The Importance of Tracking in Your Job Search

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Posted May 22, 2012 by Marcy Twete in Career Moves

In a job search, if you’re pouring the right amount of time into your search, you may apply for countless jobs each week. The difficulty then becomes, how do you keep track of everything you’re applying for? You may think you have a memory of steel, but trust me, eventually you’ll be asking yourself – did I call that person? Or email? Did I apply for that online? Or via email? Which individuals in my network did I connect with on which jobs? So many moving parts can be incredibly difficult to keep straight. That’s exactly why consistent tracking is phenomenally important in your job search process.

Corn on the Job recently published the article “5 Awesome Steps to Track, Measure, and Optimize Your Job Search Efforts.” Their five steps are incredibly valuable. Most valuable, though, are numbesrs 3 and 4, highlighted below.

  1. Write Out EVERYTHING You Want and Need From A Job
  2. Use The List You Create in Step 1 to Build Your Resume & Cover Letter
  3. Set Weekly Application Submission
  4. Create Spreadsheet For Resume Submission Information Goals
  5. Review, Revise, and Repeat

In addition to Corn on the Job’s recommendations, the following are also integral in your tracking:

  • Track both applications and outreach. You should be setting goals for the number of applications you submit, but also for the number of networking outreaches you complete. In addition to those with open jobs, you should be connecting regularly with individuals in your network who might be able to help you get ahead and get connected to potential openings.
  • No doesn’t always mean no. During one period of job searching in my own career, I had received two “form letters” via email from two different companies that said I was no longer in the running for the job. I was surprised later when both of these companies called me for interviews? Why? Because in addition to applying online, I had also engaged my network which worked for me long after the monster of an HR computer program had counted me out. So don’t delete a company or a job from your tracking list for at least 60-90 days.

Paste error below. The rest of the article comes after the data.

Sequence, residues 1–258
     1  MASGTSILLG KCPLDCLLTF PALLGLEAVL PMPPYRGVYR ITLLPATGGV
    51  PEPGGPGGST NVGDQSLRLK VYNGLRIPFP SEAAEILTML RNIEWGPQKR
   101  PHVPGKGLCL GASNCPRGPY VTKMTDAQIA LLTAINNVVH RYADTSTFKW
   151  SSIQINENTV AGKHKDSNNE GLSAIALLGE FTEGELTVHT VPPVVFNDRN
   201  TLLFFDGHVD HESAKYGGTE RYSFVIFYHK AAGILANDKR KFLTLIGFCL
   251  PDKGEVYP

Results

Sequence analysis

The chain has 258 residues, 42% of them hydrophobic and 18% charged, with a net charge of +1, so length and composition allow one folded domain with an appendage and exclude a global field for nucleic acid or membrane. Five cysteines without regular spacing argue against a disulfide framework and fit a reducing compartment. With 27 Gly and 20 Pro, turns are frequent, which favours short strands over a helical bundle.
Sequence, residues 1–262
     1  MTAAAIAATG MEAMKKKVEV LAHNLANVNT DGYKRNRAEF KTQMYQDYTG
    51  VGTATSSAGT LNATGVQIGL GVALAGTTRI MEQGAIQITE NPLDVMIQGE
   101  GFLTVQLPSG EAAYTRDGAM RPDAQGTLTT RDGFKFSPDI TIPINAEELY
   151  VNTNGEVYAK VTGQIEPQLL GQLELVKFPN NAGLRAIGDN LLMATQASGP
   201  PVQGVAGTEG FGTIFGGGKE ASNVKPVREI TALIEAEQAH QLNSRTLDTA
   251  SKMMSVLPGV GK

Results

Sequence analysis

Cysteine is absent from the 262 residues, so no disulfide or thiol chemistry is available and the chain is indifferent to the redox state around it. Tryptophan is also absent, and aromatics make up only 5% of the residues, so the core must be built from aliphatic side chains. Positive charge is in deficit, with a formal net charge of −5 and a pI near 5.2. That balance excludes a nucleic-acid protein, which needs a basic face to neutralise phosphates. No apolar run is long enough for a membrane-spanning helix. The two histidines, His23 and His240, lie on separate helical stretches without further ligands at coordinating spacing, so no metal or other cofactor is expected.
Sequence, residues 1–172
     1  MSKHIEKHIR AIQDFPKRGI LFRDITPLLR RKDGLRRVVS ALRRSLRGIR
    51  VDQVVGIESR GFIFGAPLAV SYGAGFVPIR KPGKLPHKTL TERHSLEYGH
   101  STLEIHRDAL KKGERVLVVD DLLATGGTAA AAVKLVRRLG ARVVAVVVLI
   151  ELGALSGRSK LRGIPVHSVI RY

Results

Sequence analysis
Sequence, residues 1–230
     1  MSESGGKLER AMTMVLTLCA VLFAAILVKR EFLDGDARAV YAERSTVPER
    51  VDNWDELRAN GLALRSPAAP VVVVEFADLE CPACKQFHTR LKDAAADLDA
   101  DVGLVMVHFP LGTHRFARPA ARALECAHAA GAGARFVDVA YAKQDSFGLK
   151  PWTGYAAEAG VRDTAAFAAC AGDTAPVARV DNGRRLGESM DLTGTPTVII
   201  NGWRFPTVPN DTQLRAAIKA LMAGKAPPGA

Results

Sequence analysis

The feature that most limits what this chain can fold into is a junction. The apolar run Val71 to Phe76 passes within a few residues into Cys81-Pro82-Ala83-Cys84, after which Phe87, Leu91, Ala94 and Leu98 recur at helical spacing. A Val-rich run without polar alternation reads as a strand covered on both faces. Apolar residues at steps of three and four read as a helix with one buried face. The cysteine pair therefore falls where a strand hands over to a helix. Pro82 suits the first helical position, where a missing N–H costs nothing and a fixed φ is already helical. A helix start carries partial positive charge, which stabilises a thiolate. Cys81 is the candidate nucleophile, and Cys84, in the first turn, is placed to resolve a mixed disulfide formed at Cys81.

• Save, save, save, save, save, save, save. Did I say that enough? I literally can’t say that enough. For every job you apply for, create a folder on your computer, save a PDF of the cover letter and resume you sent them, save a PDF of the job description, and save a PDF of any emails you sent regarding the job to your network or the powers-that-be at that company. It could be that a company moves slowly, and months later calls you for an interview. What would you do at that point if you didn’t remember exactly which job or which package you submitted?

Tracking means everything in your job search. And trust me, the level of organizational skills you display throughout your search will directly match the level or organizational skills prospective employers will see in you when they review your application and ultimately choose you for an interview. Track away, ladies!


About the Author

Marcy Twete

Marcy Twete is the author of "You Know Everybody! A Career Girl’s Guide to Building a Network That Works" and a career expert who believes in order to be empowered in your career, you must be surrounded with resources and a network that both supports and challenges you. Marcy began her own networking journey as a professional fundraiser in the nonprofit industry, honed those skills as a fundraising consultant, and in 2012 networked her way to nearly 1 million readers as the CEO of the professional development website Career Girl Network.

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